These are the top 10 biotechnology companies at the forefront of Poland’s emerging biotech sector, which is becoming a hotspot for startups.
Over the last decade, Poland has seen the rise of its biotech industry. While the country’s pharmaceutical industry has traditionally focused on developing generics, many of these companies have started moving towards developing biologics. Meanwhile, biotech startups in Poland are working on developing brand new technologies, with a big focus on treatments for cancer and autoimmune disease.
As the country sums success stories in its biotech sector, more and more academics and entrepreneurs have been encouraged to take the leap and start a business in Poland’s flourishing biotech industry. We got in touch with experts to collect the names of the 10 companies at the forefront of the country’s promising biotech industry.
Selvita is the largest drug discovery company in Poland, employing about 600 scientists and making over €25M in yearly revenues. Trading in the Warsaw Stock Exchange since 2014, the company focuses on developing cancer drugs. Its most advanced program is a targeted therapy for acute myeloid leukemia that is currently being tested in phase I/II trials in partnership with the pharma company Menarini.
Location: Konstantynów Łódzki
Located in a small industrial town, Mabion develops antibody drugs. The company’s most advanced drug candidate is a biosimilar of Roche’s rituximab, an antibody used to treat blood cancer and arthritis, which is currently awaiting approval from the EMA and FDA. Mabion is also running preclinical trials, including a new treatment for multiple sclerosis and a biosimilar of the cancer drug cetuximab.
Pure Biologics develops antibody drugs as well as DNA aptamers — DNA molecules that, much like antibodies, bind to a specific target. The company’s most advanced program is developing an aptamer intended to treat Devic’s disease, an autoimmune condition that causes episodes of sight loss and paralysis, which is expected to enter clinical trials in 2023. In its antibody pipeline, Pure Biologics is focusing on immuno-oncology, with colorectal cancer as its first target.
OncoArendi Therapeutics develops drugs that target chitinase and chitinase-like proteins. While it was thought in the past that these proteins cannot be found in humans, more recent studies have proven they do, and they play an important role in regulating the intensity of the immune response. OncoArendi’s most advanced drug candidate is being tested in phase I trials as a treatment for asthma and other lung diseases, while other preclinical candidates target cancer.
Proteon Pharmaceuticals produces feed additives that can prevent and eliminate bacterial infections in livestock. The additives contain bacteriophages, viruses that only infect specific strains of bacteria, reducing the risk of pathogens developing antibiotic resistance. The company has two products in the market, one to kill salmonella in poultry, and another against Pseudomonas and Aeromonas bacteria in aquaculture. Proteon is also developing human health products in its early research pipeline.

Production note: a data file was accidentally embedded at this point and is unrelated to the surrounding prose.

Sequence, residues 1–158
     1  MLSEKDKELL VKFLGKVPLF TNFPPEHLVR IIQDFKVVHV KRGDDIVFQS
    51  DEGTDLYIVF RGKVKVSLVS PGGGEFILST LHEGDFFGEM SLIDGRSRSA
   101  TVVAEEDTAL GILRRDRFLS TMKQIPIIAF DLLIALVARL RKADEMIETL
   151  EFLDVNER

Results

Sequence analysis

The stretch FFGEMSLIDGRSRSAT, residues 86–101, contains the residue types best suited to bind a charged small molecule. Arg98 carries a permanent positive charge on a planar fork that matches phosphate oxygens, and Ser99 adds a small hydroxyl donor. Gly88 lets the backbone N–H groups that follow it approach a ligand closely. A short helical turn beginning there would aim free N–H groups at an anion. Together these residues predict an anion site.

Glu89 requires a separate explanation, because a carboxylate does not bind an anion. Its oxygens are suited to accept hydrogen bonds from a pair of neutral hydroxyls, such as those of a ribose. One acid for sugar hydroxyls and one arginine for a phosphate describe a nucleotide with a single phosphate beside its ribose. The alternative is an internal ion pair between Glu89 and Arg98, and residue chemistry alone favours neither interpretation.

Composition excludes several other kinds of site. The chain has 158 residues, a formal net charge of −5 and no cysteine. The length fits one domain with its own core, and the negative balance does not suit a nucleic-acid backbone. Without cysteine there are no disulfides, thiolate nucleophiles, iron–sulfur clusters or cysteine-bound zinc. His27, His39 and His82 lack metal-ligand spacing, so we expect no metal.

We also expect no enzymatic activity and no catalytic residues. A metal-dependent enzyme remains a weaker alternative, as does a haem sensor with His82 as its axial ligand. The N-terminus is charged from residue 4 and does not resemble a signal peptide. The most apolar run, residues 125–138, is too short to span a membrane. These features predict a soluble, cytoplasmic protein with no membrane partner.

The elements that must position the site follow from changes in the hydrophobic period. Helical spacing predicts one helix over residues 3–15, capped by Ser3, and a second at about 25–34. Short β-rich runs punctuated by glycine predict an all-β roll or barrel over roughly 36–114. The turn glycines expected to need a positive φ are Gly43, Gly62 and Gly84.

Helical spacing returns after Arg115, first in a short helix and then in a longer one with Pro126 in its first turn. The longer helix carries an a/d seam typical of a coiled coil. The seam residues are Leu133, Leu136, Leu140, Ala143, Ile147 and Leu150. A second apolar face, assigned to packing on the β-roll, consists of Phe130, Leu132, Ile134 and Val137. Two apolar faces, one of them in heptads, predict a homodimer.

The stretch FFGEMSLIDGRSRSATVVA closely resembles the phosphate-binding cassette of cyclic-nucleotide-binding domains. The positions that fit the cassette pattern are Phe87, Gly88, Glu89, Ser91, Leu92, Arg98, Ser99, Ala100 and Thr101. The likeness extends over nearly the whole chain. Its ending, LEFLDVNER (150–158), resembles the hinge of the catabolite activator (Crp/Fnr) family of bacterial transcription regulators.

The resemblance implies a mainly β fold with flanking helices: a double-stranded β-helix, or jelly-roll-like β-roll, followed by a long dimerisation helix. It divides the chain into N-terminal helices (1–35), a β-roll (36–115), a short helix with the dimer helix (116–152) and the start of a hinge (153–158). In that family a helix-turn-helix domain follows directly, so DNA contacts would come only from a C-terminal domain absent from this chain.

With offices in Wroclaw and Basel, Captor Therapeutics develops drugs that lead to the break down of disease-causing proteins. This approach lets the company go after disease targets that were previously considered undruggable. Captor is building its own drug development pipeline based on this technology, focusing on cancer and autoimmune diseases.
While it started as more of a traditional pharma, Celon Pharma has recently started investing in developing biologics, in particular biosimilars. The company is developing a biosimilar of Genentech’s antibody drug for age-related macular degeneration, Lucentis, which is currently in preclinical trials. Celon Pharma has been listed on the Warsaw Stock Exchange since 2016, with a market cap of over €400M.
Bowil Biotech uses bacterial fermentation to produce biocellulose on an industrial scale. The company currently sells wound dressings and face masks made of biocellulose. It is researching many more applications, including heart prostheses, analgesic dressings, contact lenses, or high-strength paper among others.
Bioavlee is developing a method for the rapid identification of microorganisms without having to sequence their DNA. The company’s technology can identify bacteria with over 90% accuracy by shining a laser on the sample and measuring the unique patterns created by each type of microorganism. It does this using self-learning algorithms.
A spin-out of the Warsaw University of Technology, NanoVelos is developing nanoparticles to deliver cancer drugs. The nanoparticles, made of dextran molecules, are designed to only release the drugs they carry when inside a cancer cell, thus increasing the drug’s efficacy while reducing its potential side effects. The technology is still in preclinical development, with some of the projects focusing on enhancing generic forms of existing drugs.